Researchers lay out literary relationships through intertextuality

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Photo Credit: Hyeyun Jeong | Daily Texan Staff

Computers can read between the lines of classical literature in a way humans cannot. 

Humanities researchers, computer scientists and biologists from UT Austin and collaborating institutions have developed a new method, named quantitative criticism, for studying the relationships between classic Latin and Greek texts and the cultural evolution of literature. The researchers published their findings in Proceedings of the National Academy of Sciences on April 3.

Works of literature often contain references to or imitations of previous works. Researchers call these relationships between texts “intertextuality.” This study used computers, literary criticism and big data to study subtle differences in rhythm, sound and sentence structure in a variety of literary works. 

“Quantitative criticism will look to most people, rightly, as a development of the digital humanities, which is the application of computation to enable humanities scholars to pose new questions using the power of computation,” said Pramit Chaudhuri, associate professor of classics and co-corresponding author of the study. “People have been using computation to identify meaningful relationships between texts in ways that are more sophisticated than just hitting ‘CTRL-F.’”

When trying to figure out who wrote a piece of text, classicists often use stylometry, which is the study of variations in writing style. Researchers in the study wanted to repurpose this same technique to answer literary questions, such as what makes one work distinct from others. 

Researchers focused on two separate case studies: the works of Roman playwright Seneca and of the Roman historian Livy. They looked at how eight works that appeared to be written by Seneca were related to each other and how three works not written by him were different from the others. The study found that Seneca’s plays had subtle stylistic differences from those not written by him.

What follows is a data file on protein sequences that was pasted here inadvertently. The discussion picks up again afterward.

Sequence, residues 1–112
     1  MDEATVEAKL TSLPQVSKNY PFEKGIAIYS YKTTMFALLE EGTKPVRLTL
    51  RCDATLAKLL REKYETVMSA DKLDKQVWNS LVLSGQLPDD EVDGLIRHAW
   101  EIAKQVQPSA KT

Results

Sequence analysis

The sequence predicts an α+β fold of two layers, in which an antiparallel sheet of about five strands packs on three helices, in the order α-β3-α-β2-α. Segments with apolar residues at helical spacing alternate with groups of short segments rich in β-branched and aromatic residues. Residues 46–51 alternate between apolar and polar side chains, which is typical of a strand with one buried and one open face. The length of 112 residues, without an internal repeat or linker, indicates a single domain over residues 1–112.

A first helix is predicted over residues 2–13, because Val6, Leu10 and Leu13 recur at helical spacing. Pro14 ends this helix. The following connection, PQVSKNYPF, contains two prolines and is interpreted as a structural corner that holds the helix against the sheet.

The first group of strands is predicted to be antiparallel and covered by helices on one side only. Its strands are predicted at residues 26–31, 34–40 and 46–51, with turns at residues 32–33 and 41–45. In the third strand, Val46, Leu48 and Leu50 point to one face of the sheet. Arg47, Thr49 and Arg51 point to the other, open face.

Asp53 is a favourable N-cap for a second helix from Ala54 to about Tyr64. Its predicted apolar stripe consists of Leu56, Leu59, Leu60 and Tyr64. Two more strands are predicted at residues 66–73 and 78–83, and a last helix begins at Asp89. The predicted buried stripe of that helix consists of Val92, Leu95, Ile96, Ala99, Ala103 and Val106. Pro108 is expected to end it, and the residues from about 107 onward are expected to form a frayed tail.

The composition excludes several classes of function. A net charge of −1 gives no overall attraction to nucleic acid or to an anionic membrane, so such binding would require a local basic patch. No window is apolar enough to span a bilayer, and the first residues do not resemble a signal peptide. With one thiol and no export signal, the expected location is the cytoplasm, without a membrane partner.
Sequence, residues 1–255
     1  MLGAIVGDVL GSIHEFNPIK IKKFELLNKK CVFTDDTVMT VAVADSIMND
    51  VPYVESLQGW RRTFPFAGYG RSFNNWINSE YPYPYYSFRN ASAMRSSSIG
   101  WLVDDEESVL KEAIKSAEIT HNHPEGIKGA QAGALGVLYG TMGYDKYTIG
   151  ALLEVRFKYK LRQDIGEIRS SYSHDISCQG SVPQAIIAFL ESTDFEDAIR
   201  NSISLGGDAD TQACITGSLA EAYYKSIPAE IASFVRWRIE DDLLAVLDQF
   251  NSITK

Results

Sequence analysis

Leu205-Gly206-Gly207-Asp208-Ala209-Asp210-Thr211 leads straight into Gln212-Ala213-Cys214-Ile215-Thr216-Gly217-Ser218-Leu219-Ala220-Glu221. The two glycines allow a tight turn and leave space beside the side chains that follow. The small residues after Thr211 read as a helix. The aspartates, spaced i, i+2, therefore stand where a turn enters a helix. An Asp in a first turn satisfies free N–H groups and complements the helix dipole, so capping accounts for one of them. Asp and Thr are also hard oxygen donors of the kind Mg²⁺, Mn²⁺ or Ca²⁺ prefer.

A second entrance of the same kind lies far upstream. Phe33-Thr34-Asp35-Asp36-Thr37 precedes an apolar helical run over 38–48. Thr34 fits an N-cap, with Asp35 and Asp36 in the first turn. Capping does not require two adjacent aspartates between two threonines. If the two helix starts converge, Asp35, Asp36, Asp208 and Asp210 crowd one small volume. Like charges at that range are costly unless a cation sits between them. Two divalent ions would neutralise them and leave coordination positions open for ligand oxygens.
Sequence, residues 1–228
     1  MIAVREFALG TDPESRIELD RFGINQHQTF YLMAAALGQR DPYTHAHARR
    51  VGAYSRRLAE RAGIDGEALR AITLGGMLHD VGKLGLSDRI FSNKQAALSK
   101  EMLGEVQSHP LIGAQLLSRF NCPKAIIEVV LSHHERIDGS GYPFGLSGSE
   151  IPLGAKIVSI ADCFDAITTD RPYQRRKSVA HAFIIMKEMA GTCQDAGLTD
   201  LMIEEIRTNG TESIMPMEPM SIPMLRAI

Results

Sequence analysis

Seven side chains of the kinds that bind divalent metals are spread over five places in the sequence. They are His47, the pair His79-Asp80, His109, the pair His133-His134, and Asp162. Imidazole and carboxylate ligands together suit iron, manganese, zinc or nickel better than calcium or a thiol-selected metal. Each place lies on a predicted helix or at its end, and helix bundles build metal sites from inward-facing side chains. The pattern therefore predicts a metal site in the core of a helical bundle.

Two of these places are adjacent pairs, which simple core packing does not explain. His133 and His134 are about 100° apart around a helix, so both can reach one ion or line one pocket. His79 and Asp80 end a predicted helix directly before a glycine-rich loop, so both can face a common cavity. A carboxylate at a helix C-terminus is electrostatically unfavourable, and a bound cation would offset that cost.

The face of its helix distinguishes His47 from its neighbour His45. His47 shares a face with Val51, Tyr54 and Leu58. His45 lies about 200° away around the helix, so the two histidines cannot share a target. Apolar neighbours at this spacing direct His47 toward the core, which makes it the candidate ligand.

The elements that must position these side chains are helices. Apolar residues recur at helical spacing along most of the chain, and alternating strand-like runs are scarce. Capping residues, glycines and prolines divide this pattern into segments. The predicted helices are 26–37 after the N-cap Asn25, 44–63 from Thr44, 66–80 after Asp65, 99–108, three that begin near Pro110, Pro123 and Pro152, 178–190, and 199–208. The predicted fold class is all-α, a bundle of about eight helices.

For the second case study, researchers used machine learning, a form of artificial intelligence, to study how Livy incorporates the works of previous Latin authors, most of which have not survived, into his works. The lack of reference texts makes it difficult to determine whether Livy was quoting, paraphrasing, imitating or referring to a previous writer, but researchers found that certain passages stood out, warranting further study. Using the same technique, the researchers also found that Latin prose shifted stylistically around the time of Caesar’s writings. 

“There’s a growing appreciation that cultural artifacts and institutions can evolve much the same way that biological organisms can, and many of the techniques developed for studying biological evolution can be profitably deployed to studying cultural evolution,” said Joseph Dexter, PhD candidate in systems biology at Harvard University and first author of the study. “There’s been some really nice progress in extending this work to linguistic evolution, but there’s been less work on moving beyond the dynamics of how individual words or phrases of syntactic construction change over time to more integrated consideration of the evolution of literature.”

Chaudhuri said the study was unique in that people from an exceptional variety of backgrounds and fields worked on it, including a high school student, undergraduates and professors as well as people with expertise in topics from theoretical physics to classics. The study also focuses on different literary features than other studies. 

“Most studies of literary evolution focus on features like words or subject matter, but we show how subverbal or nonverbal features, as well as sentence structure, play a role in the development of literature,” Chaudhuri said.

The project comes out of the Quantitative Criticism Lab co-founded by Dexter and Chaudhuri and received funding from the National Endowment for the Humanities, a Digital Innovation Fellowship from the American Council of Learned Societies and the New Directions Fellowship from the Andrew W. Mellon Foundation.